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Saint Louis University
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Founded in 1927, Saint Louis University’s Parks College of Engineering, Aviation and Technology was America’s first federally certified school of aviation. Today, Parks has a worldwide reputation for its aviation and engineering degree programs. As a part of Saint Louis University’s values rooted in the Catholic Jesuit tradition, its mission is to inspire entrepreneurship, innovation and uncompromising pursuit of socially responsible solutions to 21st Century challenges.

Partnerships with other KEEN universities provide new opportunities for students and entrepreneurially minded faculty at SLU. It allows institutions to share best practices to advance entrepreneurially minded learning. SLU’s partnership with other KEEN institutions has not only lead to significant curricular innovations and extra-curricular opportunities but also resulted in new partnership between the faculty and students of our school with other schools.
By instilling an entrepreneurial mindset in our students, we are preparing them for successful engineering careers, but we are also preparing them to see opportunities to add value in their workplaces, in their communities, and in the world. Entrepreneurially minded engineers recognize where they can add value and are empowered to do so, regardless of context.
--Michelle Sabick, Dean of Engineering, Saint Louis University
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Blythe Janowiak
published a card
A course-based undergraduate research experience designed to integrate curiosity, connections, and value while actively engaging in the process of science.

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Asmira Alagic & 3 others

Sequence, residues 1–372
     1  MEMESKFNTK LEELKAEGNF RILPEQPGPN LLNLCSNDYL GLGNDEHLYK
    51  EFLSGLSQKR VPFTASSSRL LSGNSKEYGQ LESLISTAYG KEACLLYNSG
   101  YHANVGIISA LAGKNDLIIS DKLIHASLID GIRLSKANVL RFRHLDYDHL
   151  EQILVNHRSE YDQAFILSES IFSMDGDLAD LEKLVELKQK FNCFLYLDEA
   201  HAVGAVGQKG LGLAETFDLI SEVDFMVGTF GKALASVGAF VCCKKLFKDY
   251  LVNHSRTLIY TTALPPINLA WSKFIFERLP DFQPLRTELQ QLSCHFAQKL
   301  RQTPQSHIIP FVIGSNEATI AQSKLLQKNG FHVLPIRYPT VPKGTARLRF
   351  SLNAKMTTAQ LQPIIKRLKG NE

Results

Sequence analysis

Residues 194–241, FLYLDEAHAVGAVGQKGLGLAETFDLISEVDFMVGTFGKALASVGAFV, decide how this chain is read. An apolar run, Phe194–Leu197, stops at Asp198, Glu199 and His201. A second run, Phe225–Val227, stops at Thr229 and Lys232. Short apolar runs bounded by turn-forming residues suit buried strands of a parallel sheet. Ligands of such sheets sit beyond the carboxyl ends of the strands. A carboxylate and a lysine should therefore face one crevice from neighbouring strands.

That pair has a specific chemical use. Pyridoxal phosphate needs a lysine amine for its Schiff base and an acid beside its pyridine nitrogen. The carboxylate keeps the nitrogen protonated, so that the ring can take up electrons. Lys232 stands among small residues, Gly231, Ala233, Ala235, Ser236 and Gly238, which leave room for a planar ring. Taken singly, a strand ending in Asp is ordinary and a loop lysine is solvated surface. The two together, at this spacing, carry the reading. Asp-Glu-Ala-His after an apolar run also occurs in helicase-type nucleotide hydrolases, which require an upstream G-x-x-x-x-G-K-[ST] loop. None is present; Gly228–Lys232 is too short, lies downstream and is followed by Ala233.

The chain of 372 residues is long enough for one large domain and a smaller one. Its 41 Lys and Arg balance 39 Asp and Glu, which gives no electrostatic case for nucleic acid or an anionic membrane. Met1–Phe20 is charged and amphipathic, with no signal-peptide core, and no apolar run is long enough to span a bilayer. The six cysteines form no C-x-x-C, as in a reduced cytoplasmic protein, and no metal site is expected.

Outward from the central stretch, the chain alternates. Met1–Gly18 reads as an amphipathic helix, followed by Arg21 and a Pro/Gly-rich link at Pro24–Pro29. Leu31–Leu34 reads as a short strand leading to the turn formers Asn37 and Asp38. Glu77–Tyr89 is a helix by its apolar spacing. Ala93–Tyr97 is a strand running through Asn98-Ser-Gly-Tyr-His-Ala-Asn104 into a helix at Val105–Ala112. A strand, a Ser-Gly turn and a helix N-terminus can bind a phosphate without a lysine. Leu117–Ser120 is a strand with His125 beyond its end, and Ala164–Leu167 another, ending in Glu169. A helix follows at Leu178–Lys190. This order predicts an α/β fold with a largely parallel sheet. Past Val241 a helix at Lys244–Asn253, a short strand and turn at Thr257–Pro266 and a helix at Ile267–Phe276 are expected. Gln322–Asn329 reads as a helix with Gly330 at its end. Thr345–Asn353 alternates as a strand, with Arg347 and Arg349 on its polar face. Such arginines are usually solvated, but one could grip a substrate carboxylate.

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Often times, students struggle with grasping the concept of electrochemical cells and their applications. This active learning module aims to familiarize both introductory chemistry students and those enrolled in upper level chemistry courses with real-world applications of electrochemistry through electrochemical sensors. The goal of this project is to spark curiosity, inspire awareness, and facilitate inquiries into markets that utilize electrochemical concepts in their operations. Textbooks tend to focus on electrochemical cells in the context of batteries, namely because they are a convenient real-world example of their application. Advanced chemistry courses, like analytical chemistry, are much the same, with labs that focus on voltammetry and electrochemistry in static conditions. This project allows students to explore concepts within the context of chemical and biochemical sensors. In this module, students were required to (1) identify a problem that could be mitigated through the use of chemical/biochemical sensors, (2) design a sensor and explain its implementation while integrating an electrochemical (or analogous) reaction, (3) estimate the costs of producing their sensors, and (4) “pitch” their problem and corresponding sensor to the class. Since the nature of the module was conducive to independent learning, students were given free-reign on the specifics of their projects/chemical reactions, and were encouraged to be creative. The “Design A Sensor” module asks students to research sensors, demonstrate a creative, interdisciplinary use for them, and identify the industries which would potentially benefit from their ideas. Students who participated in the assignment demonstrated a number of different uses for sensors—from making the perfect brew, to saving fish from harmful chemicals—thereby identifying the use of sensors outside the stereotypical chemistry lab. They researched sensors to present plausible methods in their implementation, and they completed a cost analysis to understand sensors from an economic standpoint. In doing so, the module fulfills the “3 C’s” criteria for curiosity, making connections, and demonstrating the value of their ideas, both in a monetary sense and the impact of their sensor’s target. Students were assigned this project at the beginning of the electrochemistry lectures in General Chemistry II. Students were required to read the background materials on sensors (attached to this packet). The concepts presented in the ‘Sensors background’ document were also referenced throughout the electrochemistry lectures. This module was implemented in a large lecture with roughly one-hundred-and-sixty students. Electrochemistry lectures were covered throughout the 3-week duration of this project.